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Pipefish (family Syngnathidae) are slim, elongate fish with large heads and extended, tubular mouths. The extended snout frequently measures more than half of the total head length. The body is enclosed in a tough, segmented skin and the fins, with the exception of the A pipefish (Sygnathus sp.) swimming through the water. Photograph by Herve Chaumeton. Photo Researchers, Inc. Reproduced by permission. dorsal fin, are greatly reduced in comparison to other fish. Pipefish are widely distributed in tropical and warm-temperate waters; most species are marine but some freshwater species are also known from the tropics. Most species live in shallow waters, usually less than 65 ft (20 m) in depth. Many are estuarine-dwellers. Pipefish are masters at concealing themselves from predators: those species that live in and around seaweed fronds or sea grass beds align themselves with the vegetation and drift with the current, appearing as additional floating fragments of vegetation.

Most pipefish are a dull green or olive color, but many are ringed with more striking colors. Some species can alter their background color to help blend in with their surroundings. Successful camouflage is also an advantage when stalking prey. Small fish, for example, are hunted visually: when the pipefish is within striking distance, they are snapped up with a rapid lunge, the open mouth and tubular snout being extended at the same time. A wide range of small crustaceans are also eaten.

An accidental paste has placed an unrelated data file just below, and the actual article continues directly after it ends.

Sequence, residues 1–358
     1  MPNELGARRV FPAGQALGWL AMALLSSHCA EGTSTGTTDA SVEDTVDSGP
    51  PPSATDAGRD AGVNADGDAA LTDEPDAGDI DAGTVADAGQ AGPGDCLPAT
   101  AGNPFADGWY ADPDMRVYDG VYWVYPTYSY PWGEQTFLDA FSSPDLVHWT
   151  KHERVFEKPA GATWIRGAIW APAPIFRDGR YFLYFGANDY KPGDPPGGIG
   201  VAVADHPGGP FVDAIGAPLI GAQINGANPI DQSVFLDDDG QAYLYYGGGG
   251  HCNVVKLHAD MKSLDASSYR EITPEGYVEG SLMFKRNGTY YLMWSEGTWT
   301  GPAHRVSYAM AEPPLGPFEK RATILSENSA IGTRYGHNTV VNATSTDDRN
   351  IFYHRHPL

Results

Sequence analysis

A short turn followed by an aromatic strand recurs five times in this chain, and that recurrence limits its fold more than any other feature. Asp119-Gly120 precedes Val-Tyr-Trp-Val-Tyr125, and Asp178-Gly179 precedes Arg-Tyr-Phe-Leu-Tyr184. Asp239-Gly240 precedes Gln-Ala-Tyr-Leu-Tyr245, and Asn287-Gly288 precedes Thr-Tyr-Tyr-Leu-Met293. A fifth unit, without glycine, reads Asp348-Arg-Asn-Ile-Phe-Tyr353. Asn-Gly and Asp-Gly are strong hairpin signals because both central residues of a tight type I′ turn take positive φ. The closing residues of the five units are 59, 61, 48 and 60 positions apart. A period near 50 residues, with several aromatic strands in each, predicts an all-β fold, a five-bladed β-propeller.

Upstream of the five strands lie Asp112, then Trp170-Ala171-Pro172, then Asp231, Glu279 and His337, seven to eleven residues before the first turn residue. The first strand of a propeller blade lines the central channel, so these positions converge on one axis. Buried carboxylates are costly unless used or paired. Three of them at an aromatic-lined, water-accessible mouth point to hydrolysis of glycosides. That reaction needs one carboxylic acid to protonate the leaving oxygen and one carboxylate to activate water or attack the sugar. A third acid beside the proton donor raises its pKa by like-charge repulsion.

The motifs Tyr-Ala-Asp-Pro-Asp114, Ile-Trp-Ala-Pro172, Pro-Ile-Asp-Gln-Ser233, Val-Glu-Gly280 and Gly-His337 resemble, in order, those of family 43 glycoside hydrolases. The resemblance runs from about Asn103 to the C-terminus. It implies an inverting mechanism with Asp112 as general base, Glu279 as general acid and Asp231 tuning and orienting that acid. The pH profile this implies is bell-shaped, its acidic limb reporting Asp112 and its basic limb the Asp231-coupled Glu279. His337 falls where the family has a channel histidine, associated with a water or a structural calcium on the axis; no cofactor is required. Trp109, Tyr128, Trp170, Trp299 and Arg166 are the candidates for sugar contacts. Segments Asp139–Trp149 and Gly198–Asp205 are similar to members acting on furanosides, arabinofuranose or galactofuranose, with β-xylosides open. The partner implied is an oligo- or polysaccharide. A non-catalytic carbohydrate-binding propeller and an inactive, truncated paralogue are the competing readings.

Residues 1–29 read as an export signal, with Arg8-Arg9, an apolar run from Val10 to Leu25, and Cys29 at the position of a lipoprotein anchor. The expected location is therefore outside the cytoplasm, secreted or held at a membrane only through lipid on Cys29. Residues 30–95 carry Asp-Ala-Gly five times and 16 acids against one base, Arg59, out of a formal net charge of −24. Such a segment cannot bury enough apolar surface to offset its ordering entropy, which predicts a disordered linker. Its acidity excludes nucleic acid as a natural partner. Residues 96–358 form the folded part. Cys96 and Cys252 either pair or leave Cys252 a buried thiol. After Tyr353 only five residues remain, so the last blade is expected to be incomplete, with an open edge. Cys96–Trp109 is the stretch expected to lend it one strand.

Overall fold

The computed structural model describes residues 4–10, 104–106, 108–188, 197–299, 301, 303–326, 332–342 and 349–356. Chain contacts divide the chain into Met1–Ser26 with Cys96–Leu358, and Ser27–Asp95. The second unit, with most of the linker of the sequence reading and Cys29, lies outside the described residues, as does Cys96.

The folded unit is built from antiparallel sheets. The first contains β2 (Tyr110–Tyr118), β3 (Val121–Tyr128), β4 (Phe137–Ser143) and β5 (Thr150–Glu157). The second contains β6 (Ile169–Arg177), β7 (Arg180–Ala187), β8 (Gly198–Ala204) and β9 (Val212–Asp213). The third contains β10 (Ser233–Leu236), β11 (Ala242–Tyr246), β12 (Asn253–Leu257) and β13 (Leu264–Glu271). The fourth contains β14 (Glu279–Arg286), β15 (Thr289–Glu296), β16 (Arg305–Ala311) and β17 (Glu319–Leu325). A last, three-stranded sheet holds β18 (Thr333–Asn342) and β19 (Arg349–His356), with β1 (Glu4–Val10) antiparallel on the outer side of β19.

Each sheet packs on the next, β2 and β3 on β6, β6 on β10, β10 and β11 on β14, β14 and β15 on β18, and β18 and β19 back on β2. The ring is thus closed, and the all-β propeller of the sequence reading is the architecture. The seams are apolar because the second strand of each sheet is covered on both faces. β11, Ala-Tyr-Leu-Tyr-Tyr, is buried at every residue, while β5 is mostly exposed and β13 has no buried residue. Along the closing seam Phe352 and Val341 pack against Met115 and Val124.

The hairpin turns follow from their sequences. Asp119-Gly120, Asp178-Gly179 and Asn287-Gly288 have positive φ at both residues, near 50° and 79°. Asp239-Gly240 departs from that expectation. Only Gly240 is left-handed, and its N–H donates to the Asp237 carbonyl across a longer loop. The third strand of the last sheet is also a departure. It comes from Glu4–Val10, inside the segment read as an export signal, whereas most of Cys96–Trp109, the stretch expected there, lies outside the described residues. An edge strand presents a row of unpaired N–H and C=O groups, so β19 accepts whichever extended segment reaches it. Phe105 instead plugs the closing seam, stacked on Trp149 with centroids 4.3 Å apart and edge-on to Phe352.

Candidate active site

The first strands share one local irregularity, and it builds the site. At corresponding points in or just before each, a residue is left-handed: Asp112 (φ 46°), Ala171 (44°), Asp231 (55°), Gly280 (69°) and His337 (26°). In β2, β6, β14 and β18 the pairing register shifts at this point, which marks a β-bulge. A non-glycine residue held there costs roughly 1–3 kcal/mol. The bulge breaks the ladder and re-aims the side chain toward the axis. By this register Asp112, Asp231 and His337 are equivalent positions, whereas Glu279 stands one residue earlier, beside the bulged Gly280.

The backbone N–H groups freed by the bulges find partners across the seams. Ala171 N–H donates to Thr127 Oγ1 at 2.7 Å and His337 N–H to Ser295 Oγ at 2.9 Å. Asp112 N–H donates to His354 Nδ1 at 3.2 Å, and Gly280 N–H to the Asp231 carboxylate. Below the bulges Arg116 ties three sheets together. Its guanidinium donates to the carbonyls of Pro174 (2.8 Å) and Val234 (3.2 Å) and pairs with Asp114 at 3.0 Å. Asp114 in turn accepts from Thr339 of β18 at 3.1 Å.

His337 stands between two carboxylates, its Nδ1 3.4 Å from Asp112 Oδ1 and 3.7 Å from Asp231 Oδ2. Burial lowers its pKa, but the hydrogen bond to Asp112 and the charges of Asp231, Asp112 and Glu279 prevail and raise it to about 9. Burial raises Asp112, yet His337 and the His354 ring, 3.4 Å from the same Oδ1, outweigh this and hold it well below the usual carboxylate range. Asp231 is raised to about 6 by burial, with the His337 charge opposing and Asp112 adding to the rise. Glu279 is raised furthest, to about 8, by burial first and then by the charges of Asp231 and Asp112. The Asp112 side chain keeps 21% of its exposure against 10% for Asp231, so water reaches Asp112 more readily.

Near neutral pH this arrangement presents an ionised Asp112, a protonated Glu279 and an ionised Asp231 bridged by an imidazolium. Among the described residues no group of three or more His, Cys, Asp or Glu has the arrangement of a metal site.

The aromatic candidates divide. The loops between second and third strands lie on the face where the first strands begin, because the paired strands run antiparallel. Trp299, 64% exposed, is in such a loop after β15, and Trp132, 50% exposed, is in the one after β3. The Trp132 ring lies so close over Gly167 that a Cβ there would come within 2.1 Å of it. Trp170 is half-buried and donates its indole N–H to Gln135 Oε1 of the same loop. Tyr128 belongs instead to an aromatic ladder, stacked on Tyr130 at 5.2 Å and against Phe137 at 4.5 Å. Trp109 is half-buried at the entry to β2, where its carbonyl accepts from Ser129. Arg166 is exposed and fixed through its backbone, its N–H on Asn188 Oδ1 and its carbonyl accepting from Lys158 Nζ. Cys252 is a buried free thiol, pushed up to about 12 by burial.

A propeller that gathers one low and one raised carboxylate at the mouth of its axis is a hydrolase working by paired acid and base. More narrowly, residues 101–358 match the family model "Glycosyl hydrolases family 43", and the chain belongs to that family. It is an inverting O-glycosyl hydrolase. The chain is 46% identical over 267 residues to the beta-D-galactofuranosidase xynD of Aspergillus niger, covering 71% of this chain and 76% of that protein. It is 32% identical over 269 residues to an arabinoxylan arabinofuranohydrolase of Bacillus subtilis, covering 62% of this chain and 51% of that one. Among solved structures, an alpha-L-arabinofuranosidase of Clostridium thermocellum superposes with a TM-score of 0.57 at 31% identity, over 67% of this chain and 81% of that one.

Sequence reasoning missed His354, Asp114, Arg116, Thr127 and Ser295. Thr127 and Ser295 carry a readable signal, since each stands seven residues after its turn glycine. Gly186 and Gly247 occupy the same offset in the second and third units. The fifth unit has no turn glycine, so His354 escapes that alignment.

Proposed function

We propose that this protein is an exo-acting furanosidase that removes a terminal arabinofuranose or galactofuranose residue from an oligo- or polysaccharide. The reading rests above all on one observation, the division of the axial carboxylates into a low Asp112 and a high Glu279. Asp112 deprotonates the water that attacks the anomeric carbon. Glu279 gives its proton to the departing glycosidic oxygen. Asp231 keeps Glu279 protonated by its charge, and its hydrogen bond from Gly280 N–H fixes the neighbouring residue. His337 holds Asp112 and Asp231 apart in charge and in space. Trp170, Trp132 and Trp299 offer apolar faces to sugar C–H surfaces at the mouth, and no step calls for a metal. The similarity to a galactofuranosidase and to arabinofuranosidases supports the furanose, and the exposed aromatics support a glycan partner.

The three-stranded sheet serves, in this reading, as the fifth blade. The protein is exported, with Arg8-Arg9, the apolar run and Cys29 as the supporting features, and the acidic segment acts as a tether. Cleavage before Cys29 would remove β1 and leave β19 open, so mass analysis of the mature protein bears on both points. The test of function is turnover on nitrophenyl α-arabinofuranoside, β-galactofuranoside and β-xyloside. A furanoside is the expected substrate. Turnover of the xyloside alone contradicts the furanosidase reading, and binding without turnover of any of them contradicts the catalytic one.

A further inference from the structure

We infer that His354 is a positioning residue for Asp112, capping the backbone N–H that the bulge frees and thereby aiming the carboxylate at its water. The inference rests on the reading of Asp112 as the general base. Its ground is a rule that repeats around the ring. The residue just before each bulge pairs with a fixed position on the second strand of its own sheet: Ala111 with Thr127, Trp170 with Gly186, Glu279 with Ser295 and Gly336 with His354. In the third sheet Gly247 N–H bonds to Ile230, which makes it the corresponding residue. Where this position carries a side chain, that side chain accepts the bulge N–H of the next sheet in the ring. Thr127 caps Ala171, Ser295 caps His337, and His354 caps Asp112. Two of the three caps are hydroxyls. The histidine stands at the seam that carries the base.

Pipefish swim in a leisurely fashion, characteristically in an upright position, gliding slowly through the water by means of rapid wavelike movements of the dorsal fin. Should they need to move faster, they can propel themselves forward by bending the body over and moving forward in a series of jumplike movements.

Breeding may take place throughout the year in the tropics, but is limited to June through August in more temperate waters. As with the closely related sea horses, parental responsibilities in pipefish belong to the male. Male fish incubate the developing eggs either in a shallow groove on the underside of the tail or in special folds of soft skin on the abdomen. Some species carry the eggs directly attached to the abdomen, the female having laid them there directly. The young fry, which may measure just 0.35 in (9 mm) in length, are free-living and free-swimming but remain close to the adult male for several days after hatching.

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